Wednesday, October 31, 2007

my Nikkor 70-300mm f/4.5-5.6G IF-ED AF-S VR zoom

It's been more than a month since I acquired this lens from Mayer Photo and it replaced my Nikkor 50mm f/1.4D as my work horse lens since then. For shelling out a moderate amount of P25,000.00, I can now shoot in a low light environment on almost any place with poor light conditions, with its VR feature turned ON and pushing the ISO setting to ISO 800 . On an overcast day, like in the photo above, I can shoot at 1/60 without blur using a 170mm focal length at ISO 250. At this focal length, bokeh will appear on the background which is generally smooth and not crunchy compared to the blur produced by the Nikkor 18-200mm VR at the same focal length.

This lens is a full format lens suitable for any future full frame Nikon DSLRs like the D3 but with my D200, with a crop factor of 1.5X sensor, the scope of its field of view would be in the focal lengths of 105-450mm. The sample photo above was taken at 230mm focal length with a shutter speed of 1/200 at f/5.3 aperture in ISO 400. One can readily notice the smooth blur of the green grass which is called bokeh, or pleasant blur.

At ISO 400, one can get better color rendition than shooting at ISO 100, which is what i've experienced in the two or more years that i've been shooting in digital. Again, the sample photo on the right which was shot at ISO 400 is another classic example of a good color rendition.

With not much choice of lens, I tried the 70-300mm AF-S VR inside a studio with strobes as main sources of light, and the results were equally amazing - sharp image and accurate and fast focusing even in low light where my 50mm f/1.4D would have faltered and encoutered difficulty. The two sample photos on the left were taken at its shorter focal lengths and who says one can't use a telephoto in a studio set up?!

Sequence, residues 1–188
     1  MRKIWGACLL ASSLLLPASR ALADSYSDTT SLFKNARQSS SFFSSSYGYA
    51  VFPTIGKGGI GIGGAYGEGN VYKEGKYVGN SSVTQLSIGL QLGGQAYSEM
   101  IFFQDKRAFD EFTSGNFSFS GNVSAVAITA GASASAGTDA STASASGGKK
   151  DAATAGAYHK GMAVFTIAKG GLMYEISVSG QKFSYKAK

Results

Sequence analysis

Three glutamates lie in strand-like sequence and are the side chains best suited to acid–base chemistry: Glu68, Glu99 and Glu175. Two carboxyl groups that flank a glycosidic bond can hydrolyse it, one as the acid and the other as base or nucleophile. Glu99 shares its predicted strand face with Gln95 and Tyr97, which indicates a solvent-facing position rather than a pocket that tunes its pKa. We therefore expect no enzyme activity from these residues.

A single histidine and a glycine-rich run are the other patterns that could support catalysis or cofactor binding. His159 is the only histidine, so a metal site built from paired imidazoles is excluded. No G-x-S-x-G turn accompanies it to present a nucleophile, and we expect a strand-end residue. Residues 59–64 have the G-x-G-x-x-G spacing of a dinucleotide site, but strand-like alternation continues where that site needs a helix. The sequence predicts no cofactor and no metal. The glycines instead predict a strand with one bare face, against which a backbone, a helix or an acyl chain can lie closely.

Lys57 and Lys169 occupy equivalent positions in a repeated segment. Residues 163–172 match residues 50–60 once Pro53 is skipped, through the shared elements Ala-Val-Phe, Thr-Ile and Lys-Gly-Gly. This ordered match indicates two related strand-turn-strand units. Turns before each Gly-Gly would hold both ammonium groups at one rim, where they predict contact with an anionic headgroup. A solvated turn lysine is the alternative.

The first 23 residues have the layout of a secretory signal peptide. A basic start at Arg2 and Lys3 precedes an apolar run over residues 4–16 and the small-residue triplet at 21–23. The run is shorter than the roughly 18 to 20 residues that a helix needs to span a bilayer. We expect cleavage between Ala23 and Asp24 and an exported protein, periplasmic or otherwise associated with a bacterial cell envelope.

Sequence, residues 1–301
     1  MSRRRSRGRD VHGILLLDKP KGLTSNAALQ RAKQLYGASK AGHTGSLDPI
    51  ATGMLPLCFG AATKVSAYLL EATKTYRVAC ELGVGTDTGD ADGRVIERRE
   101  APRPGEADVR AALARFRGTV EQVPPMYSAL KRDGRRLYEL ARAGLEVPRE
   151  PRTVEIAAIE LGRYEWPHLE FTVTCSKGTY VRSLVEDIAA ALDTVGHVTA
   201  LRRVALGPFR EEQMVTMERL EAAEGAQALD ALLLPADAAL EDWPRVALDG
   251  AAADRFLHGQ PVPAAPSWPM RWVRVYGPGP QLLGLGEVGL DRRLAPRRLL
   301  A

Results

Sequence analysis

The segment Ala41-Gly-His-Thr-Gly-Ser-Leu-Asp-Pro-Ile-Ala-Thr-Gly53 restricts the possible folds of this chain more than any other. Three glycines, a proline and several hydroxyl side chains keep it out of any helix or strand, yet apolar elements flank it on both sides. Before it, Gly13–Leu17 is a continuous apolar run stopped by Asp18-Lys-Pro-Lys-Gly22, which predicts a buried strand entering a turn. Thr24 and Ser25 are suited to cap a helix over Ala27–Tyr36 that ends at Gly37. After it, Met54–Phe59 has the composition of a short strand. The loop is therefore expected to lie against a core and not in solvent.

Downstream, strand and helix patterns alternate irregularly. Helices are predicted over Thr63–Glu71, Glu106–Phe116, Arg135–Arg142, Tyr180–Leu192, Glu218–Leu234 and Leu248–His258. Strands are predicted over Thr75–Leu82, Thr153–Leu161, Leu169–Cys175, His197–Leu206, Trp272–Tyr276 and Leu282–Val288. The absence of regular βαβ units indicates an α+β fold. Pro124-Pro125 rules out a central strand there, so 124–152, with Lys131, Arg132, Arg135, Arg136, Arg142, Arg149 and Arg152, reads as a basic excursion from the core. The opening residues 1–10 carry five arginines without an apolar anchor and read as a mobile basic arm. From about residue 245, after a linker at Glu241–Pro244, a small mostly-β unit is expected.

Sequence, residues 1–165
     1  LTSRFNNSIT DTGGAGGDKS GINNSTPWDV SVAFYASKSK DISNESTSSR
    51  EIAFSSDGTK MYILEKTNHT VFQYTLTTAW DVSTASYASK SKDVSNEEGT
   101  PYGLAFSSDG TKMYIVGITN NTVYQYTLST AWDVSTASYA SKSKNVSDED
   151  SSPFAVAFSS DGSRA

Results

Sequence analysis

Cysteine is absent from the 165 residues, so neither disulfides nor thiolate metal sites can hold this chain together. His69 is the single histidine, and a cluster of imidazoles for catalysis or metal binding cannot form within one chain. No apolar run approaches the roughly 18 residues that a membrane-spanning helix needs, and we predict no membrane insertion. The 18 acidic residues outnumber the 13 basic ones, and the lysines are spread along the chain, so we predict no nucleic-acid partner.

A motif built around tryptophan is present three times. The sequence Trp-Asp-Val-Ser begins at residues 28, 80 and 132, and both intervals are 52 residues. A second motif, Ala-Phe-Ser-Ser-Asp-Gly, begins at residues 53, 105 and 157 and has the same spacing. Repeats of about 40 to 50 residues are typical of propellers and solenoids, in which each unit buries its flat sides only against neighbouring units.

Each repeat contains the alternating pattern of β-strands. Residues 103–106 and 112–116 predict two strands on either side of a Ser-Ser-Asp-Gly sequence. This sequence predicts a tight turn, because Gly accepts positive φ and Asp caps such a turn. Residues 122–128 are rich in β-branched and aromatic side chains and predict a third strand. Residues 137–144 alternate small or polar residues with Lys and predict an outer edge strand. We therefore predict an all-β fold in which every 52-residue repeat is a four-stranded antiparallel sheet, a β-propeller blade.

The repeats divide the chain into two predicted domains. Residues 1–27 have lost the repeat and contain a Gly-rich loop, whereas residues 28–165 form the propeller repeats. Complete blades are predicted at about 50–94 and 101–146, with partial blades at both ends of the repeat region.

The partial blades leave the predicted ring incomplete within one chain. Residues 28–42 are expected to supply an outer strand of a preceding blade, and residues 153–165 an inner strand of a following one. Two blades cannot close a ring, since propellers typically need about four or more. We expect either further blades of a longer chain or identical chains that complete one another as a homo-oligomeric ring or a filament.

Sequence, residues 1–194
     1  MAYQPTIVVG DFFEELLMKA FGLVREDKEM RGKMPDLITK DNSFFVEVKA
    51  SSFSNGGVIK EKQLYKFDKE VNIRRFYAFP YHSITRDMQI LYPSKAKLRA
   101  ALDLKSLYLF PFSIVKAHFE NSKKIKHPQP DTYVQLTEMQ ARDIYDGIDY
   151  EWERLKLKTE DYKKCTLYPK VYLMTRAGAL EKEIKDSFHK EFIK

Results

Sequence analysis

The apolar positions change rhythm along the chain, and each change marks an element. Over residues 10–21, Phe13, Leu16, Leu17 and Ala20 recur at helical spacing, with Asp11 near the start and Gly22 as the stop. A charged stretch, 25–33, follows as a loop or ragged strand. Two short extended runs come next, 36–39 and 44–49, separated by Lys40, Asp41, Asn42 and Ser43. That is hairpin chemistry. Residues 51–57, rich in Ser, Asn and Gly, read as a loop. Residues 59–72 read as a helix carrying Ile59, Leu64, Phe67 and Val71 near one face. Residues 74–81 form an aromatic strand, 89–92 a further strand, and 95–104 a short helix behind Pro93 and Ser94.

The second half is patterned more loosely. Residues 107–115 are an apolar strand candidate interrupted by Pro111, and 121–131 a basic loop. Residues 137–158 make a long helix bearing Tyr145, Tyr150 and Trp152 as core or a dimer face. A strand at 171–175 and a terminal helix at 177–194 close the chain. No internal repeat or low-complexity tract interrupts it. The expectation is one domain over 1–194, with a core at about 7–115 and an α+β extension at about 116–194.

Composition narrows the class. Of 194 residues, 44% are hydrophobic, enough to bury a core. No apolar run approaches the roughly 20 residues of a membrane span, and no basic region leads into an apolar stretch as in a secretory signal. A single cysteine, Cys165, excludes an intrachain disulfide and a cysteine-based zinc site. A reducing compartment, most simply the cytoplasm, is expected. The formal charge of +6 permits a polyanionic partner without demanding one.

Of course, using the 70-300mm VR in a cramp studio would limit your ability to take better shots and would confine you to only facial or head shots or half body portraits. When using strobes, you should also turn OFF the VR function to save on battery power as the VR would be a useless feature when your subject is being lighted by strobes.

One last test I made on this lens was shooting with it indoors using continuous lighting from a home lamp. The result was the sample photo on the right which was taken at ISO 800 shooting at f/5 at a slow shutter speed of 1/8 at a focal length of 165mm. Without VR or any anti-shake feature, the rule of thumb would be to shoot at a shutter speed of 1/(focal length) or in this case 1/200 to avoid any blurring of the image. With the VR feature ON, one can have more luxuries in shooting in low light conditions.

Credits goes to the following in the order of their appearance from top to bottom: King, Margarette, Tey, Wren, Bianca and Pearl, I am very much grateful to all of you.

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